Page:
Dan Feldman

Watch Paul George score season-high 39 points in Pacers’ win over Hornets (video)

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INDIANAPOLIS (AP) — Paul George couldn’t have picked a better time to take over a basketball game and lead the Pacers to a much-needed win.

During the second half of the second night of a back-to-back, George played like someone on three days’ rest.

George made six 3-pointers and scored 27 of his season high 39 points in the second half, and the Pacers knocked off the Hornets 98-77, keeping Indiana in the middle of the Eastern Conference playoff race.

Charlotte and Indiana went into halftime knotted at 42. Less than 24 hours earlier, the Pacers blew a lead on the road and lost to the Knicks. Now, it appeared Indiana was on the verge of losing a second consecutive game and sliding to the bottom of the Eastern Conference standings.

“There are times we lose focus out there,” Pacers coach Nate McMillan said. “I thought they responded tonight. They were all business from start to finish. We know we gave one away (last night) and they responded by playing hard, coming off (the first night of a) back-to-back and I think we were locked in every possession on what we needed to do.”

Jeff Teague added eight points, eight rebounds and 11 assists, Myles Turner finished with six points, 11 rebounds and three blocks. Monta Ellis scored 16 points for the Pacers.

Indiana led 50-47 in the third quarter when it looked as if both teams would trade the lead until the final minutes. But the moment George decided to put the game in his hands, so, too, did the rest of the Pacers decide to put the game away for good. Indiana used a 15-0 run to extend the lead and ultimately shut the door on the Hornets.

Charlotte outscored Indiana in the paint 42-18, but the Hornets shot just 40 percent (32 of 80) while the Pacers finished shooting 53 percent (39 of 73). 26 of Indiana’s 39 field goals came by way of an assist on Wednesday night. Frank Kaminsky finished with 20 points and Michael Kidd-Gilchrist scored 10 points.

George was just too much for the Hornets to handle. The four-time All-Star made 15 of his 21 field goal attempts in addition to his six 3-pointers.

“Things came easy because of the offensive flow,” George said. “Also, playing a team for the fourth time, I knew how they were going to guard me and I tried to take advantage of it.”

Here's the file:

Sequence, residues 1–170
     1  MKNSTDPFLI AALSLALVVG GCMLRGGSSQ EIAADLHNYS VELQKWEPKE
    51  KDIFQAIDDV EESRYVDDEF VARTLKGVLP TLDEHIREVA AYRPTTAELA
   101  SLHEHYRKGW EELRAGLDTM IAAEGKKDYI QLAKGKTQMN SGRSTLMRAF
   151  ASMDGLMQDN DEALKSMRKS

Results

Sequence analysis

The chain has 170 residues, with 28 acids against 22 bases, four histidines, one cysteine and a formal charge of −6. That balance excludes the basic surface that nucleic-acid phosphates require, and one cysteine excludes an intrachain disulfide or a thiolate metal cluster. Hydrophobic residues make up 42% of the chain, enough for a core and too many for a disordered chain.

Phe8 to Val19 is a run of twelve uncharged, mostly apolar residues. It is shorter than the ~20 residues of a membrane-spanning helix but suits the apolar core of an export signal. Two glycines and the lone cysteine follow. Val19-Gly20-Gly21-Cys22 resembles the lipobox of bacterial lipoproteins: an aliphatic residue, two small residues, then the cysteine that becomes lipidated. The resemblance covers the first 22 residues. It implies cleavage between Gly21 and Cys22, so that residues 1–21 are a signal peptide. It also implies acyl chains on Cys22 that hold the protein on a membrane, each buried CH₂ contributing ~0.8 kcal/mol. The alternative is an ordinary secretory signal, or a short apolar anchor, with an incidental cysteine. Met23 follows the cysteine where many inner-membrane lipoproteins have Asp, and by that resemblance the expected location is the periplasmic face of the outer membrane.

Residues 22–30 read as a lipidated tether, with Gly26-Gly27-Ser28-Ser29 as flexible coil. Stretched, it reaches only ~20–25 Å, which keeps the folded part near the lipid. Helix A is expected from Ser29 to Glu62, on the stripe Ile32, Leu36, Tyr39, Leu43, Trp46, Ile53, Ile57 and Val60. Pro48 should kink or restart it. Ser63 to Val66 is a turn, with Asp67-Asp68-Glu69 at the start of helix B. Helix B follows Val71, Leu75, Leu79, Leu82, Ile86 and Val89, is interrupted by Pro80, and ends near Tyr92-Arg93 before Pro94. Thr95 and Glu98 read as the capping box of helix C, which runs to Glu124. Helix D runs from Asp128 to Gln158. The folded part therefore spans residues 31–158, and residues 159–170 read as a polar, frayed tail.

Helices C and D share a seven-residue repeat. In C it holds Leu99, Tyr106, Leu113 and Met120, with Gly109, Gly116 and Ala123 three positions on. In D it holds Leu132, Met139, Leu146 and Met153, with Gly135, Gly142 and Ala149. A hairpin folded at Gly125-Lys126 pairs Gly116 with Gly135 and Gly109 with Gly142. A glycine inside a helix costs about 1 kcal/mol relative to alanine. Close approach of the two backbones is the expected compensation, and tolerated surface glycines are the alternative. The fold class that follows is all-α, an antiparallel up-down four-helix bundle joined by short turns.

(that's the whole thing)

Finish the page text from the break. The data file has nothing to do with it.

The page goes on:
The Hornets would make one last attempt at a comeback, opening the fourth quarter with an 8-2 run that would pull them within 10 points. But Indiana answered back with a run of its own, using a 14-2 spurt to go ahead by 22. Indiana’s largest lead of the game was 25 in the fourth quarter.

Wednesday night’s loss to Indiana was Charlotte’s third straight and its fourth in its previous five games. Indiana (35-33) is trying to maintain its hold on the Eastern Conference’s sixth seed, while the Hornets (29-39) sit four games out of the final playoff spot.

“You could see it right from the beginning of the game (George) had a look in his eye. Once he got into a rhythm, it’s hard to stop him,” Hornets coach Steve Clifford said. “When we play well at both ends of the floor, we’ve been a good team. Tonight, our defense was good enough – except for the Paul George stuff – (but) we were poor offensively.”

TIP-INS

Pacers: Have won only two of their last seven against Charlotte. … Since the All-Star break, the Pacers have held nine of their 11 opponents to fewer than 100 points. … Indiana has also outrebounded its opponents in nine of its 11 games since the All-Star break. … Indiana made four times as many 3-pointers as Charlotte did Wednesday night, finishing with 12, compared to the Hornets’ three.

Hornets: Are 4-11 this season when trailing after the third quarter.

UP NEXT

Hornets: host Washington on Saturday

Pacers: visit Toronto on Sunday.

Report: Pelicans likely to fire Alvin Gentry if they don’t finish season better

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Since trading for DeMarcus Cousins, the Pelicans have gone 4-7 – and one of those wins came with Cousins suspended. New Orleans has scored just 91.1 points per 100 possessions when Cousins and Anthony Davis share the court – nine points worse than the 76ers’ league-worst offensive rating. The Pelicans are 5.5 games and four teams out of playoff position.

New Orleans needs a scapegoat.

Enter coach Alvin Gentry.

Sean Deveney of Sporting News:

A league source told Sporting News that though no definite decision has been made on the future of the tandem of Gentry and general manager Dell Demps with the Pelicans, failure to secure that playoff spot (which has been all but lost) or at least to show “significant progress with this roster as it stands” likely will move the Pelicans to oust Gentry. Demps is more likely to stay, but that’s not a certainty, either.

The only question the Pelicans should ask: Would the best replacement coach they can hire do better than Gentry next year? If the answer is yes, fire Gentry. If no, keep him.

Gentry prefers an up-tempo offense, which will be hard to instill with Cousins and Davis. Perhaps, with an offseason to design and a preseason to implement a new offense, Gentry could get New Orleans on track. He has a sharp offensive mind, and Cousins’ and Davis’ talent could get the coach to find creative solutions outside his comfort zone. But I’d want to hear a concrete plan from Gentry before retaining him.